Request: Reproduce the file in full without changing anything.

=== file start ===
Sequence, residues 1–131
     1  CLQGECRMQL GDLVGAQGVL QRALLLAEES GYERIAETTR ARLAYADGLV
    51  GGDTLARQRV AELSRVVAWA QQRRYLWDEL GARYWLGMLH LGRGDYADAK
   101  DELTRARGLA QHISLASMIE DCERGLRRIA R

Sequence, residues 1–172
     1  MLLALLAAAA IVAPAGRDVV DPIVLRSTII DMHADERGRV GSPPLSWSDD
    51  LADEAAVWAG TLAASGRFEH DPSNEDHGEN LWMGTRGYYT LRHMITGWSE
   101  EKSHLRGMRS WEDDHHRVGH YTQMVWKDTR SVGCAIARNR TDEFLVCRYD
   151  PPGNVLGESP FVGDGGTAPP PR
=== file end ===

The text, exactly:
Sequence, residues 1–131
     1  CLQGECRMQL GDLVGAQGVL QRALLLAEES GYERIAETTR ARLAYADGLV
    51  GGDTLARQRV AELSRVVAWA QQRRYLWDEL GARYWLGMLH LGRGDYADAK
   101  DELTRARGLA QHISLASMIE DCERGLRRIA R

Sequence, residues 1–172
     1  MLLALLAAAA IVAPAGRDVV DPIVLRSTII DMHADERGRV GSPPLSWSDD
    51  LADEAAVWAG TLAASGRFEH DPSNEDHGEN LWMGTRGYYT LRHMITGWSE
   101  EKSHLRGMRS WEDDHHRVGH YTQMVWKDTR SVGCAIARNR TDEFLVCRYD
   151  PPGNVLGESP FVGDGGTAPP PR